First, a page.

Disorganized supplier management: In the absence of cross-functional teams, departments tend to self-serve when sourcing supplies and software. This may result in multiple departments engaging in separate contracts for the same or similar tools. This disorganization can lead to duplicate contracts and orphaned apps and licenses that cost thousands in the long run.
Poor contract visibility: Often some of the uncontrolled spending within an organization’s budget comes from poor contract management for auto-renewing items like SaaS subscriptions. These subscriptions are frequently initiated outside a controlled purchasing process (e.g. on a corporate card or expense report) and become “orphaned” when the billing owner leaves or software needs change. These invisible contracts quietly auto-renew, leaking cash and reducing cost optimization.
Incomplete spend data: The same data silos that tend to create duplicate tooling and redundant contracts create an incomplete picture of spending. When data is decentralized, it can’t drive value creation or better decision-making, sapping budget potential.
Manual processes: Spreadsheet-based tracking and reconciliation are error prone and costly. This approach may work in the beginning stages of a startup, but it creates more problems and increases wasteful spending over time.
5 FinOps best practices
Taking a best practices approach to aligning finance and operations can yield better results and improve savings. Start with these 5 areas:
Standardize the approval process: Optimizing spending requires good budgetary controls—from needs identification all the way to vendor offboarding. With a well-constructed purchase requisition or intake form, finance has all relevant information together in one place before a deal gets off the ground. Creating a standardized and well-documented process for purchases puts controls in place early. It also centralizes the information required to complete the purchase process.
Agree on contract prerequisites: Your CFO and your legal, IT, security, and finance teams all have a vested interest in purchasing outcomes. They often have lists of requirements for supplier relationships. Therefore, these departments need to align on the prerequisites for any supplier contract. When these non-negotiable items are communicated through the purchasing workflow, they give stakeholders guidelines for selecting and evaluating potential suppliers.
Use competitive analysis: Financial accountability doesn’t happen automatically. When buying software, there’s the temptation to go with a recognizable name or a supplier recommended by your network. However, best practices dictate that companies conduct a bid process for any new purchase. Collect quotes from two or three potential suppliers and perform due diligence to source goods with the best total cost outcomes for your organization while evaluating the trade-offs.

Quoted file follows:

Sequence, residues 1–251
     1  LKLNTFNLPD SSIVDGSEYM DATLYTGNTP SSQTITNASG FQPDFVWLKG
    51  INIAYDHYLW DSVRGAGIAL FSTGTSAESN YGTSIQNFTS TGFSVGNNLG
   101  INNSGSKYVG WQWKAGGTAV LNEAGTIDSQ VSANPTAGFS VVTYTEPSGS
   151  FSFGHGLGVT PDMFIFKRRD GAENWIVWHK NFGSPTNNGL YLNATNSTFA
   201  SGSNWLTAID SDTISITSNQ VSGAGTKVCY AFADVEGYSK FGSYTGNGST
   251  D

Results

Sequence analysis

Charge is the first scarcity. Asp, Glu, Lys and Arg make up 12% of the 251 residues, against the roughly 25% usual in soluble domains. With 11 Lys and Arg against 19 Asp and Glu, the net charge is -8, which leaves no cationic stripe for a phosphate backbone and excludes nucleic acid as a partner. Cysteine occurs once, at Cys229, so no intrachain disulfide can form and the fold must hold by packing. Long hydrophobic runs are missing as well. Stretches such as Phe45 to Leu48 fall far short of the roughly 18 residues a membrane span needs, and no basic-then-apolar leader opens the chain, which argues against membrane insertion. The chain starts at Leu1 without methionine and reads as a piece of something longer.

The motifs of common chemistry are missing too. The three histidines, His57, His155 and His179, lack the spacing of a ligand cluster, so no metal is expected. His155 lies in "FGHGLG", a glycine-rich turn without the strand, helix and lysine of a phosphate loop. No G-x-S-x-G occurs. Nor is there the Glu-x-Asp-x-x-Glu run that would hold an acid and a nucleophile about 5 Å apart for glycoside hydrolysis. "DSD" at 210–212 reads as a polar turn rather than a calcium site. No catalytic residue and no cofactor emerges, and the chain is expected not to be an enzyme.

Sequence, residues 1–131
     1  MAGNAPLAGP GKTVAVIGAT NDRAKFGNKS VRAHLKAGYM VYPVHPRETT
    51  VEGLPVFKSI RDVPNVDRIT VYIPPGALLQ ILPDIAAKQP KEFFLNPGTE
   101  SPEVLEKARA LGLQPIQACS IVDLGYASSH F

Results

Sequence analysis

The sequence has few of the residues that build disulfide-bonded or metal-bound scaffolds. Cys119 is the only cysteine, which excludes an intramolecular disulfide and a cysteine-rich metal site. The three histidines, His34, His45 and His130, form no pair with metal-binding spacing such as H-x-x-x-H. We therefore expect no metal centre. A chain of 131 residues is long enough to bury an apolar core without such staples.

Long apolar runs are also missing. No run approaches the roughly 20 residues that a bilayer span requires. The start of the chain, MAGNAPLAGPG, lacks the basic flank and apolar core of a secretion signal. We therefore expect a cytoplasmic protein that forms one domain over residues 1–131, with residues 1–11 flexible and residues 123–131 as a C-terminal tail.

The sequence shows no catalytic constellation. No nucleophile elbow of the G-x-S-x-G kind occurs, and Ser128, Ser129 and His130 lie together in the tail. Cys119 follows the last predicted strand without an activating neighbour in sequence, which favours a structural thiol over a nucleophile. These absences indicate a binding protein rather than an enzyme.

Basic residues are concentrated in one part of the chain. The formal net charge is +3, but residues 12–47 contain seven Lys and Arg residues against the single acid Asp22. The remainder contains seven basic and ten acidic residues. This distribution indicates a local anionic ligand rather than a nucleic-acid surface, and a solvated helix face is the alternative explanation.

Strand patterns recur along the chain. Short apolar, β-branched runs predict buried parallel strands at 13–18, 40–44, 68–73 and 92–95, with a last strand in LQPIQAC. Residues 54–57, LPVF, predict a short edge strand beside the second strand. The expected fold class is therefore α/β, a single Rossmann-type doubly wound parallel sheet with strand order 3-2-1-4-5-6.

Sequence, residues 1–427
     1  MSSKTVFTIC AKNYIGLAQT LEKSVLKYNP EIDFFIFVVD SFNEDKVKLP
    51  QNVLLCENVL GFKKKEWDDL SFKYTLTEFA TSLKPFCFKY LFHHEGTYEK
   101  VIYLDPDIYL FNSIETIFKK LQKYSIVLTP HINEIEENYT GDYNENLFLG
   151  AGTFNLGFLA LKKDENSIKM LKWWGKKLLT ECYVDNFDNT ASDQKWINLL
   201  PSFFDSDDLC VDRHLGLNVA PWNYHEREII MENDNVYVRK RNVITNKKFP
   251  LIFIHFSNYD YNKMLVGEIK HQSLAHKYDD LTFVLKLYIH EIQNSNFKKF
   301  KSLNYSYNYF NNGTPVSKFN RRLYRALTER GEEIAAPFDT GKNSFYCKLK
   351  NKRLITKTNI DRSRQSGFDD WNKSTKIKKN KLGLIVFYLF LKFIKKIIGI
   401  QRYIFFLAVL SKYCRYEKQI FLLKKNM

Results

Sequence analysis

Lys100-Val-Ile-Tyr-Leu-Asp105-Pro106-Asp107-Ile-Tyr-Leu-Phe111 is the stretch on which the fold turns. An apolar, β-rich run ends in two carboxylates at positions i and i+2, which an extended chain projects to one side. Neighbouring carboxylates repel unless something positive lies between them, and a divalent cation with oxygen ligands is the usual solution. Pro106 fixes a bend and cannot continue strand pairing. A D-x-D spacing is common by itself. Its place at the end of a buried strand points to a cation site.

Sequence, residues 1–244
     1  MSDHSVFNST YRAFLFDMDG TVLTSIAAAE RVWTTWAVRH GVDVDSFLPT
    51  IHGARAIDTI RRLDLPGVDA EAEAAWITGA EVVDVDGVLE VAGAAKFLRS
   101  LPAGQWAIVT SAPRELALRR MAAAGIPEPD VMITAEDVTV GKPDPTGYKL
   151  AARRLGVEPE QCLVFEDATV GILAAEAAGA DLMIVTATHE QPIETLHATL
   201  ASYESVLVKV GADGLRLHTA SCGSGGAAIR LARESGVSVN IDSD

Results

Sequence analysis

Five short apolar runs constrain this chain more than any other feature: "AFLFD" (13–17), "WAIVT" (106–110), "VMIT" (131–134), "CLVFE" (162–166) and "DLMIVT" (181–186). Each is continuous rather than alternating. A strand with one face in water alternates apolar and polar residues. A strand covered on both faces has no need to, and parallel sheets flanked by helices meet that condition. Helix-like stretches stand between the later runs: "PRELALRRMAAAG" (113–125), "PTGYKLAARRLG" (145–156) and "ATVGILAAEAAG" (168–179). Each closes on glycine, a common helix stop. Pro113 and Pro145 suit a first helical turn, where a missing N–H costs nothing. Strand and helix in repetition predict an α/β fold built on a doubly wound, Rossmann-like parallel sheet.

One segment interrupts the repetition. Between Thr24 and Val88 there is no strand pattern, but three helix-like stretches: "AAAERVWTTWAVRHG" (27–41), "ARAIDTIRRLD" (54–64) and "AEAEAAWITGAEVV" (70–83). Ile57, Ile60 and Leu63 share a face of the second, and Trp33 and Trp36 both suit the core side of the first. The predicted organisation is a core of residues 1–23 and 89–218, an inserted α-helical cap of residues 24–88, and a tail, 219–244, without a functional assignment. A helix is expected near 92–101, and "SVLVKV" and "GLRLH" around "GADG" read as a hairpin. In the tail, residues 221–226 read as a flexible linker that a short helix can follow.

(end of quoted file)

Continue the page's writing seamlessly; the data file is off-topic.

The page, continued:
Practice strategic sourcing: Strategic sourcing is the process of vetting and working with a small number of preferred suppliers to meet organizational goals. Strategic sourcing consolidates your purchasing practices in order to leverage volume pricing and control costs. Developing a strong strategic sourcing practice within your procurement process can enhance FinOps cost-saving measures.
Centralize contract data: Once you have successfully negotiated a deal with a preferred supplier, ongoing contract management becomes the next priority. The easiest way to accomplish this is to centralize data into a dynamic platform. While spreadsheets may work for lightweight tracking, they cannot offer the automation necessary to build a scalable contract management practice.
How Order improves FinOps practices
Even in small businesses, the number of supplies, services, and software licenses needed to keep business moving forward can be overwhelming. Moreover, there’s a constant flow of renewal dates and cancellation windows, changes to supply prices, volume discounts, service tiers, and features packages. This changeability makes the task of organizing and managing indirect procurement spending overwhelming.
Order brings all sourcing, ordering, fulfillment, and pricing data together in a cohesive platform that offers total control and visibility into spending. Additionally, Order’s invoice consolidation features allow you to pay your suppliers on time, without manual processes or missed payments.
Using Order to align your finance and operations teams offers you better cost savings while freeing your staff from the burden of administering thousands of purchases and invoices. To see this process in action, request a demo of Order, the first and only Spend Efficiency Platform, today.